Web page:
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We all do it. We throw parties, around the holidays, and then we want to know what we did "wrong". Since the cable television phenomenon of "Queer Eye For The Straight Guy" came onto the scene, all sorts of people have learned that if they want to throw an elegant Holiday party or dinner, ask a Queen.

I don't know where I got my penchant for classy parties and holiday dinners. I'm a New England Yankee WASP (we like to think so, but we're also Irish, Dutch, Russian and Czech) where traditional and bare-bones Holiday cooking with integrity is far more important than innovation. Perhaps it was my great-uncle professional musician forebear who played Fox-Trots for the Paul Whiteman Orchestra and learned a thing or two about New York in the 1920's that bleeds through? Or my late Aunt from Williamsburg, VA, who knew a thing or two about gracious living (and anti-segregationalist liberal politics) who taught me to be gay-gay-gay about throwing a dinner party. Who knows, but I've got it, and below the great Orange Croissant, follows some recipes and tips for being a good host(ess) at the Holidays and a couple of fantastic recipes.

The Holidays are a lot like the cigarettes I used to smoke, back when I smoked: we're loyal to certain brands. Church picnics also suffer from this tragic thinking. If you don't think so, make a lime Jello-O and celery salad with Miracle Whip, and you'll be on the road to understanding just how bad things have become. Now, that jellied salad, with it's roots in the Victorian era can still be made and updated with a little Wasabi, cream and fresh peas in a quirky mold. Or, as you'll see, as a port wine aspic to accompany a liver pate. But I digress. Here are some recipes for gracious living, which is the only kind of living as far as I am concerned.

The Cocktail Hour

Even if you don't drink alcohol, the "Cocktail Hour" is important. It's when everyone has arrived, probably hungry, and there's some meeting-and-greeting to do. Especially if there are drinks, you'll do well to serve some very savory nibbles. Here's a couple of recipes I've been doing for years, and will serve you well. I save up for the ingredients because I am not affluent these days, but save if you can and treat yourself:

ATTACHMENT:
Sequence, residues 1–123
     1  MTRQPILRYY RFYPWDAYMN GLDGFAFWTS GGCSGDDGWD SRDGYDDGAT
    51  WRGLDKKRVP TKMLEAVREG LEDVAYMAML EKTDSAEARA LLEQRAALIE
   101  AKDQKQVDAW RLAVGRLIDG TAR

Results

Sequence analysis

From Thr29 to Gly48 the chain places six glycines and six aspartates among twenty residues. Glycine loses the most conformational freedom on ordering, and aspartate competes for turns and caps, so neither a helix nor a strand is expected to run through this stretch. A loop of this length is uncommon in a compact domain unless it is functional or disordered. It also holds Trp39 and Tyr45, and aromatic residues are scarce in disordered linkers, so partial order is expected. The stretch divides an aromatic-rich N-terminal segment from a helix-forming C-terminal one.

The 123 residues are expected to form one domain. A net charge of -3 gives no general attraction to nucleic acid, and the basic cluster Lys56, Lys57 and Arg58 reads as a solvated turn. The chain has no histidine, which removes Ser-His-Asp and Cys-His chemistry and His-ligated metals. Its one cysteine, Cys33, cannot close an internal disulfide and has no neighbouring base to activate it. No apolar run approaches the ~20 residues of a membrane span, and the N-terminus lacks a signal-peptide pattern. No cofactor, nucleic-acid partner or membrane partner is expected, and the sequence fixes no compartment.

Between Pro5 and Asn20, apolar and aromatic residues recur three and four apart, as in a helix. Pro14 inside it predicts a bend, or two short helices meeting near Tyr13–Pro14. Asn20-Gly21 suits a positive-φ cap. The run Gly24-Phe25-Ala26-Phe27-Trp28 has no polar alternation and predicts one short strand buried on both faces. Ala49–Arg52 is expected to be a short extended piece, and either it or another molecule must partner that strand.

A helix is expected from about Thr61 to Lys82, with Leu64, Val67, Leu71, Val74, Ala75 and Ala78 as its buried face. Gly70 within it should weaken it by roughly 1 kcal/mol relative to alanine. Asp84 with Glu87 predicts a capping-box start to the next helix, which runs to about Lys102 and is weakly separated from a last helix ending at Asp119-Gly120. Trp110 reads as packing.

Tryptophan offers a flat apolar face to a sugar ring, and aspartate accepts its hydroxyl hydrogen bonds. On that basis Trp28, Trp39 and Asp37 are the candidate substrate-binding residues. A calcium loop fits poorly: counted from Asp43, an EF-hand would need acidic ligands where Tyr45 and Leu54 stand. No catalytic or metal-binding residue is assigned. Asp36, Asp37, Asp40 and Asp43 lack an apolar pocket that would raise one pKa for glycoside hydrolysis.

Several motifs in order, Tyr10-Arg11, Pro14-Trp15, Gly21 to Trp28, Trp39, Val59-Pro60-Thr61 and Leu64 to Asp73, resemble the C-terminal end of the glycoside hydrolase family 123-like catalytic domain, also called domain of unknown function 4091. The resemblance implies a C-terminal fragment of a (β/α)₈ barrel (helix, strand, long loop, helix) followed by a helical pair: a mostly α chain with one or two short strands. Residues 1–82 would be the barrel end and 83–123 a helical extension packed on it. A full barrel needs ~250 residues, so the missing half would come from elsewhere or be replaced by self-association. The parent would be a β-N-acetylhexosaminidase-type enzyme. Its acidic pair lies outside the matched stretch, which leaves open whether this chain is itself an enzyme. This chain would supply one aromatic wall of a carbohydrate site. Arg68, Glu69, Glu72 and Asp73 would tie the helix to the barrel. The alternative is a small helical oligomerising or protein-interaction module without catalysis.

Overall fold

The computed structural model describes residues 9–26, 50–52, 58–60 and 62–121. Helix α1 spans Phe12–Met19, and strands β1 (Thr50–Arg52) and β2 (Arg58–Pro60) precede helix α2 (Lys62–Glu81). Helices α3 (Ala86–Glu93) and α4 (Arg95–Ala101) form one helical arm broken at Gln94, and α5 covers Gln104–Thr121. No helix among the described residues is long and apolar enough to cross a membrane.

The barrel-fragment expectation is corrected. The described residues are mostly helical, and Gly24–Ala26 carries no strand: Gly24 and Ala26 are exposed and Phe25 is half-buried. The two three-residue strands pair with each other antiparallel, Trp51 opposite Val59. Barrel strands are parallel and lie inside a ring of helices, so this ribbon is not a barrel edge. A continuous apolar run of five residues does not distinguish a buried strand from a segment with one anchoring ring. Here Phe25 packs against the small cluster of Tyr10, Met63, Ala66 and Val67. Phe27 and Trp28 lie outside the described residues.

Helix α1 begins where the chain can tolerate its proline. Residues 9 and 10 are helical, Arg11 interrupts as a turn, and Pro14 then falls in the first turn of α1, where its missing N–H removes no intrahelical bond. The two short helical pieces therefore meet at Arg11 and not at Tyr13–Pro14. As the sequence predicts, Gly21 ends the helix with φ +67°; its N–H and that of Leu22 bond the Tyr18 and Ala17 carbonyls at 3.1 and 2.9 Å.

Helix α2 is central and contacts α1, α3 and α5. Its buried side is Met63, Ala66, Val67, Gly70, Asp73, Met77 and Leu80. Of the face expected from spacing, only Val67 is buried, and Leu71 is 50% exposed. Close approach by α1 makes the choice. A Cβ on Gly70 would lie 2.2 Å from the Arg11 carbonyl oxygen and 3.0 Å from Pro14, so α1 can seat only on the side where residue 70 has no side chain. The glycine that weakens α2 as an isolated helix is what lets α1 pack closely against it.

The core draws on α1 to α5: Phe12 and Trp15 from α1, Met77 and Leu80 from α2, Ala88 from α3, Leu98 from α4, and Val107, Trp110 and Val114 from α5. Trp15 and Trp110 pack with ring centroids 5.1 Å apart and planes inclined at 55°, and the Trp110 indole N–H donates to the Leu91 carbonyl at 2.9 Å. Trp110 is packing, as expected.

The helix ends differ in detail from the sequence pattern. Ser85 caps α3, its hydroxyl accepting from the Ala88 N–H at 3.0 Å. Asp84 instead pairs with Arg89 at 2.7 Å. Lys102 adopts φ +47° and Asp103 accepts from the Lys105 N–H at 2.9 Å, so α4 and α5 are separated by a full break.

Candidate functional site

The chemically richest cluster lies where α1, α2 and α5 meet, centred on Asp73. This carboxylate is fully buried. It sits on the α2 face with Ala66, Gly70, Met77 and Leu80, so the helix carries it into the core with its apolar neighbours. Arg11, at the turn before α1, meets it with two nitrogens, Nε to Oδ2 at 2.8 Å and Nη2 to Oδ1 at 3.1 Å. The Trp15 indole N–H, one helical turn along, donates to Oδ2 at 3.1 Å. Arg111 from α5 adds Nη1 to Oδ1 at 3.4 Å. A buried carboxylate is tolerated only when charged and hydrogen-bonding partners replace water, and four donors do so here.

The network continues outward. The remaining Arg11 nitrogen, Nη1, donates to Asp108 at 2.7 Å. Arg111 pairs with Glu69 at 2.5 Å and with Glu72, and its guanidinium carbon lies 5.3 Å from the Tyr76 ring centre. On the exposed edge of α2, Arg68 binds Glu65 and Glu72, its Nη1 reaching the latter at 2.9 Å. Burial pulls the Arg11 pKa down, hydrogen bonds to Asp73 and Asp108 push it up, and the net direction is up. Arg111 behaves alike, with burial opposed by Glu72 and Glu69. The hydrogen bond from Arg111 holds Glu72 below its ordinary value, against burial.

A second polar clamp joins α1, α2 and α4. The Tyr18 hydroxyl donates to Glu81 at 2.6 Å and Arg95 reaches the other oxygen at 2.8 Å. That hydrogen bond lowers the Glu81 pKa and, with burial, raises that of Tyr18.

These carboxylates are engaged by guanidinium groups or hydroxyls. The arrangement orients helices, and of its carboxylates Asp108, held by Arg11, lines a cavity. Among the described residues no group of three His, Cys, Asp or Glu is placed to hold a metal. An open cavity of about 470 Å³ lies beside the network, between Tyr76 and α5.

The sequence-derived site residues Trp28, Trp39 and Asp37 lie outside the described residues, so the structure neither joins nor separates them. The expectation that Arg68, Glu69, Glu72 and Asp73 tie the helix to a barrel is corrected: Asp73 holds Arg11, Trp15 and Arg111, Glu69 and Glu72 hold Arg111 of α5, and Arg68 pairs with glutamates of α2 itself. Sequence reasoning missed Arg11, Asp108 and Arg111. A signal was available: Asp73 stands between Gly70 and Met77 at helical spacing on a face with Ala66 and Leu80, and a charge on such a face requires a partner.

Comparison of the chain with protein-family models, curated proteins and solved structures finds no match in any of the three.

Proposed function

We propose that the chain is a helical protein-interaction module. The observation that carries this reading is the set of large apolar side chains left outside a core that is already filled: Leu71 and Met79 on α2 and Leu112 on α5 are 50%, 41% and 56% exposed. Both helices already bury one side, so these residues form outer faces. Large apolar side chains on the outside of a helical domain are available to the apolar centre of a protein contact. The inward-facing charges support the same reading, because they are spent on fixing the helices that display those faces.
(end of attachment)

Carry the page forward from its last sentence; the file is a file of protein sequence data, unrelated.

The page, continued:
The (In)Famous Commonmass Manhattan Cocktail

I've posted this here for several years. Like Susan Stamberg's Cranberry Relish, here it is again:

For each Cocktail,

Three Jiggers of Bourbon or Rye (I use Rye, and Canadian Club in specific)
Two Jiggers of Sweet Vermouth
One dash Angostura or Peychaud's Bitters
Twist of lemon
Twist of Orange
Cherry Juice
Cocktail Cherry

Let's make it:

Put some ice in the cocktail shaker, and season it with a little bitters. Add a dash of cherry juice. Add the liquor and shake it like hell. Serve in a cone-shaped glass garnished with the fruit, or like I like to take it: in a Rocks Glass over ice. Limit: 2. NOTE: This cocktail has been known to be the cause of broken chairs and stepped-upon Pooties. Drink responsibly.

I marinate my cocktail cherries in their own juice plus some orange and lemon rind and some Cognac. It makes all the difference.

For a variation that I discovered at one of my favorite South Portland, Maine eateries, substitute tawny Port for the red Vermouth and orange bitters for the Angostura or Peychaud's. Serve in an up-glass.

Commonmass's Manhattan Cocktail, served as he and GMB02 prefer it, on the rocks, next to the late 20th-Century French Cookbook everyone needs to own.
What With Cocktails?

Cheese and crackers is great, and frankly, so are smoked oysters. Both of which are so1960. Try these recipes, with the addition of a good baked brie:

Pate de Fois de Poulet

Don’t laugh. While this is essentially an update on chopped liver, it is an elegant one, complex and rich, and far less expensive than buying a pate from a gourmet shop.  It cannot rival foie gras of the Duck or Goose variety, but it is worthy of the holiday table, or for entertaining any time.

NOTE: This recipe calls for butter, but I have tried it with both chicken fat (“schmaltz”) and margarine to see how it might turn out if my friends who keep Kosher were to try it. The verdict? Margarine is fine, but the final texture is softer than with butter.  Chicken fat has a stronger flavor but a texture similar to butter. No matter what you use, make sure it is cold when you mix it in and get it in the refrigerator right away.  If you do not have dietary restrictions, use butter—it gives the best texture to the pate.

*This recipe requires a food processor.

Preparing the Livers:
1 lb. of fresh chicken livers, drained
2 bay leaves
Sprigs of tarragon, thyme, a leaf or two of sage, some parsley sprigs, ten peppercorns, lightly cracked, and two cloves all wrapped in cheesecloth.
1 garlic clove, mashed with the blade of a knife
Place the above ingredients in a saucepan and cover with water. Bring near to a boil and reduce heat. Simmer about 5 to 7 minutes. Do not overcook!. Turn off and leave in hot water while you do the following:

Into the bowl of a food processor place:
1 shallot, chopped
About 1 heaping tbp flat leaf parsley coarsely chopped